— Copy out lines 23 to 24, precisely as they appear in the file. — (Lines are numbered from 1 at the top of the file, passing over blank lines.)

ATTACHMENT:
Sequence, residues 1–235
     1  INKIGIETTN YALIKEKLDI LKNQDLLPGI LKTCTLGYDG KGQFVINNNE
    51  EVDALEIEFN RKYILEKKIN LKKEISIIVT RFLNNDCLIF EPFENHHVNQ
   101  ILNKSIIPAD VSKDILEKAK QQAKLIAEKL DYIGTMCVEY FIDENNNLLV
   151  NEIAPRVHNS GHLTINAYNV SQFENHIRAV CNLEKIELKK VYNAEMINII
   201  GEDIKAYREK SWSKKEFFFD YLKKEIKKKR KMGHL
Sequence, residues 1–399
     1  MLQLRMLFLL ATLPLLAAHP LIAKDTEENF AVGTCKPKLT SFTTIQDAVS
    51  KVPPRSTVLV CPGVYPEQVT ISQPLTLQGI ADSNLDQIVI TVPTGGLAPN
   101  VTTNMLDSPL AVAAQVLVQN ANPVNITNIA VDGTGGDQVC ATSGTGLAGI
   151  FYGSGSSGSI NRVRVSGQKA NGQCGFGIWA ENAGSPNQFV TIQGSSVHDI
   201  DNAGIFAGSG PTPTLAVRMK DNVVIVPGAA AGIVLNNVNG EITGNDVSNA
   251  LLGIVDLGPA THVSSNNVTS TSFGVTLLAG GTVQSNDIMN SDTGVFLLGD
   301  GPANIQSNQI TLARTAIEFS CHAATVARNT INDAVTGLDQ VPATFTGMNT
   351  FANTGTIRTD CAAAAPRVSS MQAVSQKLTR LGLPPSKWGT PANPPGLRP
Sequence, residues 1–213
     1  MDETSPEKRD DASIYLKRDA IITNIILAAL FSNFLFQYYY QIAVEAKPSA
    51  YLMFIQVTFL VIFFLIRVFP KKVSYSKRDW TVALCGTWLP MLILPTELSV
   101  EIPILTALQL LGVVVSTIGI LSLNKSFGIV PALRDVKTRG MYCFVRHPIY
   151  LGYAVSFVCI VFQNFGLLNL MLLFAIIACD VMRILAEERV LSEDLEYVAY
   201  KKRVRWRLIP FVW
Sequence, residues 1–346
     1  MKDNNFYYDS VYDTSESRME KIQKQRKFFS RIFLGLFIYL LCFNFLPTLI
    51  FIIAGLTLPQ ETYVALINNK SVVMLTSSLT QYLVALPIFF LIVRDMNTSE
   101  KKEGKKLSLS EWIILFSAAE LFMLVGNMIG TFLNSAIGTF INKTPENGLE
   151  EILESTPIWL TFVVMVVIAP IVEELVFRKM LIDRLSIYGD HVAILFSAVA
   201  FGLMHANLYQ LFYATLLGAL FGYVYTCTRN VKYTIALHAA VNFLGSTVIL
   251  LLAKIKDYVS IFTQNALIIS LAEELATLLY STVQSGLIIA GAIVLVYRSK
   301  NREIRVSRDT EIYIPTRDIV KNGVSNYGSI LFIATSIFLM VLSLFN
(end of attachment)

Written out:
     1  MKDNNFYYDS VYDTSESRME KIQKQRKFFS RIFLGLFIYL LCFNFLPTLI
    51  FIIAGLTLPQ ETYVALINNK SVVMLTSSLT QYLVALPIFF LIVRDMNTSE